• Store nuts and seeds in the refrigerator as heat can cause them to go rancid. Oils are best stored in a cool, dark place, but over time can go bad. Smell before use.
    • Increase Omega 3 fats: flaxseed, chia seed, walnuts, oily fish (salmon, mackerel, sardines).
    • Reduce intake of Omega 6 oils: canola, sesame, cottonseed, soybean, sunflower, peanut, safflower, corn. When buying, try to find organic, less-refined oils.
    • Other foods that contain healthy fats are avocados, eggs, coconut oil, nut butters, green olives and low-fat dairy products (preferably organic).
    • Eliminate all trans fats (“partially-hydrogenated oil” or “hydrogenated oil”).
    • Use extra-virgin olive oil as a condiment only, on salads, in unheated sauces, or added after food is cooked. Do not use for cooking.
    • Coconut oil/MCT oil is a good alternative fuel source for the brain. Add up to 2 tbsp coconut oil per day to smoothies and hot cereal, spread on toast, and use for cooking/saut.ing.

    E. Minimize grains
    • Eliminate gluten from your diet for at least 2 months to see if you feel better.
    That means avoiding wheat, spelt, rye, barley, and oats that are not labeled gluten-free.
    • Track your outcomes: if you are sensitive to gluten, you may feel reduced bloating, gas, and cramps from digestive inflammation, but you may also experience relief from physical, mental, and emotional symptoms as well, so observe everything.

    F. Keep your body hydrated
    • DRINK WATER. Each day, drink 1 oz. of water for every 2 lbs. of body weight (a 120 lb. person needs to drink 60 oz. of water, almost 2 liters).
    • Reduce caffeinated beverages, soft drinks, and alcohol.
    • For every cup of caffeinated liquid (coffee, tea, alcohol), consume 1 additional cup of water.

    G. Eat healthy when dining out
    • Ask how food is prepared (avoid foods fried in vegetable oils except coconut).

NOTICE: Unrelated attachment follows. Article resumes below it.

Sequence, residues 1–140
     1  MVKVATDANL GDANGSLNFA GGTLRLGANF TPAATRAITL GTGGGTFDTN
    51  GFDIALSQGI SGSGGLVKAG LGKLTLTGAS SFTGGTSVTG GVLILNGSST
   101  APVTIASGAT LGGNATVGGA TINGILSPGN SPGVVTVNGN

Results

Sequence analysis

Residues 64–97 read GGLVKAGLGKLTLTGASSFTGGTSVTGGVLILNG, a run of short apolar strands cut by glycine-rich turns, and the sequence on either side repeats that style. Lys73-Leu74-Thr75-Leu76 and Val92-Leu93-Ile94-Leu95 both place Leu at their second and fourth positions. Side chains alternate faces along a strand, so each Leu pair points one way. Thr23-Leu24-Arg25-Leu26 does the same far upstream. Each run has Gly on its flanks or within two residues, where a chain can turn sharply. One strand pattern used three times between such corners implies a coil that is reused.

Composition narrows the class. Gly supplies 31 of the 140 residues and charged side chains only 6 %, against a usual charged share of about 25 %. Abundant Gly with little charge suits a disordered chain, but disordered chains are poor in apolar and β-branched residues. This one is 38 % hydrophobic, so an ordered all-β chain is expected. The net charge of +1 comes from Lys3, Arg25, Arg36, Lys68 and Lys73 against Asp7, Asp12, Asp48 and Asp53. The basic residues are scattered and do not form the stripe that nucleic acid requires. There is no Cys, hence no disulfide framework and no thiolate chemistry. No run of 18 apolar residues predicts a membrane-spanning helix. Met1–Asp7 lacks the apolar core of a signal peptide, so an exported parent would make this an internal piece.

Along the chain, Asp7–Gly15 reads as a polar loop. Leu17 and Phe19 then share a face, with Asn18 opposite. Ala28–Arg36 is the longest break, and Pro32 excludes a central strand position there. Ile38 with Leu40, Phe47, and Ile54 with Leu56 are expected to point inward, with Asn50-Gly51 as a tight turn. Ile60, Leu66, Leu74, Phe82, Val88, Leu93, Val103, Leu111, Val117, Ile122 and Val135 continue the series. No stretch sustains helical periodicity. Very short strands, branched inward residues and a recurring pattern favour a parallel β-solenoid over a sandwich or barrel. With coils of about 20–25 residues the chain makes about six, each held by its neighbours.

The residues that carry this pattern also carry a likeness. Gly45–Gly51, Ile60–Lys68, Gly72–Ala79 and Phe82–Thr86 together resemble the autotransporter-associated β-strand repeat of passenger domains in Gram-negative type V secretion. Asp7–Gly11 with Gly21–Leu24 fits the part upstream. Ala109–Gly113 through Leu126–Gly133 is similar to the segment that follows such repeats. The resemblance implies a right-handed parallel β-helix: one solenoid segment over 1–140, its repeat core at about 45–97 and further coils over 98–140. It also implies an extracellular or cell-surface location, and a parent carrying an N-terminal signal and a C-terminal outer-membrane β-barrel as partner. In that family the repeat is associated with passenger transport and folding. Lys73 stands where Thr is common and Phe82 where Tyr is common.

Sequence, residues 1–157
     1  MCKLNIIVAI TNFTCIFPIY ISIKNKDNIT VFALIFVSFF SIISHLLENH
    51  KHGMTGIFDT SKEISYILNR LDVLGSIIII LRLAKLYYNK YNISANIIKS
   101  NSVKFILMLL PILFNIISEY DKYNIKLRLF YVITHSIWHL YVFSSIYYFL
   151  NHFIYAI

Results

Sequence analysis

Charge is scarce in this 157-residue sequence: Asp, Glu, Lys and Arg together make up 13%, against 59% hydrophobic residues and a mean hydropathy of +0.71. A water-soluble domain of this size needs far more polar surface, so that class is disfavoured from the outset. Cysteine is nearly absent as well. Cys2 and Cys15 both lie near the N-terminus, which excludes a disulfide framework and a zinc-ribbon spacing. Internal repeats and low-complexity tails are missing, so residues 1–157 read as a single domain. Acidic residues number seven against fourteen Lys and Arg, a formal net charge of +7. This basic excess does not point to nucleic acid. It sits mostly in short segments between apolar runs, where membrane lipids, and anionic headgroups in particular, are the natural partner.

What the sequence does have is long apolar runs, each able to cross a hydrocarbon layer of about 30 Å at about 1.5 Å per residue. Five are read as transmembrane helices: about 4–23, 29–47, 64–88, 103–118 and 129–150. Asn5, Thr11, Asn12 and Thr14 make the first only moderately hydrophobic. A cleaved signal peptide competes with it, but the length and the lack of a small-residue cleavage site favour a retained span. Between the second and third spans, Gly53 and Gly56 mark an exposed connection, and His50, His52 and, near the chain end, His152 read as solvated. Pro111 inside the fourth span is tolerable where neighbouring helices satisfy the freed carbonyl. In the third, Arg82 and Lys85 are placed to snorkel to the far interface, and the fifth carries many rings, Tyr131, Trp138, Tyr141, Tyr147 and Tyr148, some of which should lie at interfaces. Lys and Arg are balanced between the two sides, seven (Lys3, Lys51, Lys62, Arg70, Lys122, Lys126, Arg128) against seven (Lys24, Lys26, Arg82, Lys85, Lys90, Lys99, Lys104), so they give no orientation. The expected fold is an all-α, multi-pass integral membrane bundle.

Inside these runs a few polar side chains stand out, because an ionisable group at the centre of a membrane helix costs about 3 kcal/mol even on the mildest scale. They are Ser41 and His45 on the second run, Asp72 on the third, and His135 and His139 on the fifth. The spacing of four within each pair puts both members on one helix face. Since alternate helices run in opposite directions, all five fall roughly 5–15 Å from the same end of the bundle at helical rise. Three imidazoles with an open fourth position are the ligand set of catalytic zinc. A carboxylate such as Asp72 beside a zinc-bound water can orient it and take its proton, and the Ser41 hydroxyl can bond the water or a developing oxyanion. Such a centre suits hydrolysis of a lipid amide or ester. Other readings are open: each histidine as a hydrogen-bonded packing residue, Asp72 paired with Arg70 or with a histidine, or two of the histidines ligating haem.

• Order sauces and dressings on the side so you consume only what you want.
    • Send the bread basket back—it’s like eating straight sugar!
    • Eat until 80% full, and then stop (take the rest home).

  • Toxins in our environment inevitably end up in our bodies. To be healthy, a body must be able to excrete toxins and waste. It is critical to ensure the pathways of elimination are functioning properly before undertaking any detox program.

    A. Food – In addition to the nutrition and supplement recommendations, it’s important to:

    • Eliminate artificial flavors, artificial colors/dyes, and artificial sweeteners (Equal, Sweet & Low, Splenda, etc.). Replace with stevia, Nu-stevia (less bitter), or Monkfruit (also known as lo-han).
    • Eliminate cold cuts and meat processed with nitrates and nitrites.
    • Read labels for artificial ingredients and chemicals; avoid these foods.
    • If you feel unwell after certain meals, start a food diary and record what food you ate and associated symptoms.
    • Eat fruits and vegetables in season and choose organic when possible. Check http://www.ewg.org for updates of the “Clean 15” (OK to consume) and the “Dirty Dozen” (eat only if organic).
    • Consume only organic or grass-fed meats and dairy products (eggs, milk/cream, ice cream, cheeses, and yogurts).

    B. Water
    • Purify your water by installing a high-quality filter on the kitchen faucet or under the sink.
    • Do not reuse plastic water bottles; carry water in a glass or stainless steel container.

    C. Air
    • Keep your carbon monoxide and radon detectors up to date.
    • If you have allergies, use an air purifier in your home and change filters regularly.
    • Avoid polluted air whenever possible; do not inhale around idling vehicles, gardening machines, or other polluting devices.
    • Place air-cleaning plants such as spider plants and peace lilies in the home and office.

    D. Work/home environment
    • Buy household paint only if it is free of toxins.
    • When purchasing carpets and new furniture, ask if their manufacturing includes the use of chemicals such as formaldehyde. If at all possible, give new items a chance to air out before exposing yourself to them.